July 13th, 2017
Every day I receive dozens of emails and other messages from various companies either offering me a variety of deals or encouraging me to connect with site content. These emails are intended to cultivate my excitement and engagement, and the strategy undeniably works on some demographics. But for one important group—a group of which I’m a part—the effect is more of annoyance than of excitement.
Yes, I’m talking about millennials.
These uninvited messages are not only a burden on my inbox, but also a hassle to cancel—and usually aren’t even relevant to me as a user. Instead of driving conversions, these campaigns generate resentment between company and consumer.
Millennials are a trillion dollar market and are predicted to be worth 8 trillion dollars come 2025. Having a successful strategy in place to market to millennials is vital to a company’s success. Previously, we have explored effective strategies to use when marketing towards millennials. This article highlighted important trends and desires of millennials:
These insights are essential to the architecture of any marketing campaign, but what do they look like when used in practice? And what are the best types of campaigns to employ when marketing to millennials?
One of the most successful mobile campaigns in recent history was Adidas’ “Light You Up” Campaign. Thousands—including many from this critical millennial demographic—showed up at Penn Station to view a promotional light show coordinated by Adidas. How did they accomplish this? Adidas placed smart banners connecting people directly to details about the event on its mobile app for users in a three-mile radius. These smart banners gave millennials the direct access to content that they crave. Furthermore, unlike emails, they also allowed a display that was intriguing and generated interest without being intrusive.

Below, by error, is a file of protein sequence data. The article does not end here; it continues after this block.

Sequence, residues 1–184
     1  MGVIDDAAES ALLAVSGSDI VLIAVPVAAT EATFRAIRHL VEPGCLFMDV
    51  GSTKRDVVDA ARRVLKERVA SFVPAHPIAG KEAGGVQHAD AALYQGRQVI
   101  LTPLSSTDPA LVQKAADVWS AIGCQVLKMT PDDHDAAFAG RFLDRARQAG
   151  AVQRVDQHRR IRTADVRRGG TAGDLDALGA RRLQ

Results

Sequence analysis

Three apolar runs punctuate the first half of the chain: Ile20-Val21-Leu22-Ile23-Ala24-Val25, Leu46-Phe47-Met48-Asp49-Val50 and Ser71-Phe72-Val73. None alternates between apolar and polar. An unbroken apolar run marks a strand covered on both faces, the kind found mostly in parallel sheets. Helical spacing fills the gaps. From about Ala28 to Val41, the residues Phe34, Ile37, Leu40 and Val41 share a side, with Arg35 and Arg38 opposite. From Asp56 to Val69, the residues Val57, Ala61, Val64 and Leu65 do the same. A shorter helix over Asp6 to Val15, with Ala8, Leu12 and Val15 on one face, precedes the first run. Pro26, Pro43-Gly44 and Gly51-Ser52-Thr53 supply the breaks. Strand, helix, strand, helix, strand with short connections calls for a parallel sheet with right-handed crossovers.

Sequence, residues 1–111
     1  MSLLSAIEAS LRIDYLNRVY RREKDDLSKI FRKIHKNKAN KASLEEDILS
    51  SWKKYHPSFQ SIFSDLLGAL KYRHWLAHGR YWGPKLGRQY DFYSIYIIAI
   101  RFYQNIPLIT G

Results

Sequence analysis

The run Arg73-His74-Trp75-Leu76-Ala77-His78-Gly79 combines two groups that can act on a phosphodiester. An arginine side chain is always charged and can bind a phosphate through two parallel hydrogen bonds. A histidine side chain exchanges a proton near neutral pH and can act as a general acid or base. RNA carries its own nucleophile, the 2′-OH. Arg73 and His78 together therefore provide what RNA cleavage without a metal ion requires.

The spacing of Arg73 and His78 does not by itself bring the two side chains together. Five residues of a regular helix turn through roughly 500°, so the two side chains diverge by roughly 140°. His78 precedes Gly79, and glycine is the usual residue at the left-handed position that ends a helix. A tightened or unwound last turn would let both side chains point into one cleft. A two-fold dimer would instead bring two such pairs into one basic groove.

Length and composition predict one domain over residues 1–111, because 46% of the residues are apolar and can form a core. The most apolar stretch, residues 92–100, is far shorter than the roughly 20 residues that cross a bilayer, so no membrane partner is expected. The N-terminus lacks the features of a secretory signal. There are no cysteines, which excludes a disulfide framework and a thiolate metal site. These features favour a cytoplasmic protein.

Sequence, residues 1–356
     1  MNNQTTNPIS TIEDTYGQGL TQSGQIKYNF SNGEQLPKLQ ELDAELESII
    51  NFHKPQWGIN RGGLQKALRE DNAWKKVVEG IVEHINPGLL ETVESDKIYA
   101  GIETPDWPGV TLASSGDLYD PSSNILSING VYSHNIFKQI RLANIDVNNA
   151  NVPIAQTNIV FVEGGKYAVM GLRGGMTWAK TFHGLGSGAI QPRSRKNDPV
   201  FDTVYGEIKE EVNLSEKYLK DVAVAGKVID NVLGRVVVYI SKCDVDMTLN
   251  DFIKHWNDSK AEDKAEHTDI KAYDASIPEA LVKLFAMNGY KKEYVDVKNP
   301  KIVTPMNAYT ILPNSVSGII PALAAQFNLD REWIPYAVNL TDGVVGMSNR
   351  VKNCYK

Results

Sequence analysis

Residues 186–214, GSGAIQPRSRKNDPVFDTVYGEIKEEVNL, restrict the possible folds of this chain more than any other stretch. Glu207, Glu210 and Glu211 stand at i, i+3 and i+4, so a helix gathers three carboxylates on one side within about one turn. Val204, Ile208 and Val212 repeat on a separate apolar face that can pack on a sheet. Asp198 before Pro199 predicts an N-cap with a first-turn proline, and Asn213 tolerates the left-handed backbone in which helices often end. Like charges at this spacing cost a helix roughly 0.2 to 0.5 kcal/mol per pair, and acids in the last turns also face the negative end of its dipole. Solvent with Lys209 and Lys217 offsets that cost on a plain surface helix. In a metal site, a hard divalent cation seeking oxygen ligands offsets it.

The banner looked like this:
Branch powers a very similar user experience through our Journeys smart banners, and—like Adidas—our partners have seen a significant increase in user engagement and experience. The mass production of ads can still work on millennials, but only when implemented on the correct platforms and delivered in an effective way.
Another successful campaign targeted at millennials was run by Honda for its Civic model. What did they do? They started with a Snapchat filter that promoted the Honda Civic brand through sharing amongst friends. Honda also produced sponsored videos on Instagram and hosted takeovers of the BuzzFeed and IGN networks.
The filter looked like this:
Honda’s campaign ultimately succeeded thanks to its shareability. Shareable content is a vital factor in marketing campaigns directed at millennials, and the Snapchat filter Honda generated ultimately allowed them to enhance brand recognition without being overtly forceful with their advertising scheme.
The cost of a Snapchat filter may not be feasible for most companies or developers, but there are many ways to create shareable content. One of these is the referral system offered by Branch. Referrals render content shareable while also encouraging distribution by rewarding users who successfully refer friends. In a case study with “The League,” we found that our referral system caused users to be two times more engaged and 31% more likely to convert when referred. These shareable campaigns are the key to organic growth because the user does the marketing for you.
As a millennial myself, I can tell you what doesn’t work: any mass marketing scheme that contains random links leading to random unknown content. Strategies employing such links are too impersonal, and we simply won’t care. At best, we will ignore your campaign. At worst, we will unsubscribe.
The two campaigns featured above were successful not because they persistently forced their way into the lives of millennials, but because they presented their products directly and relevantly. The content was neither overly aggressive, nor unwelcome—instead, Adidas and Honda blended into existing platforms to enhance their prevalence in millennials’ daily lives.
As you probably know (and perhaps have experienced), millennials do not enjoy being told what to do. A mass messaging campaign or an advertisement that interrupts my streaming is the equivalent of my mother telling me to make my bed or eat my vegetables. These schemes have not worked in the past, and will continue to not work.
Instead, success will come from advertising that is shareable, readily available, and personable. It is imperative that these values permeate a marketing strategy, and that the right tools are used to bring such strategies to life.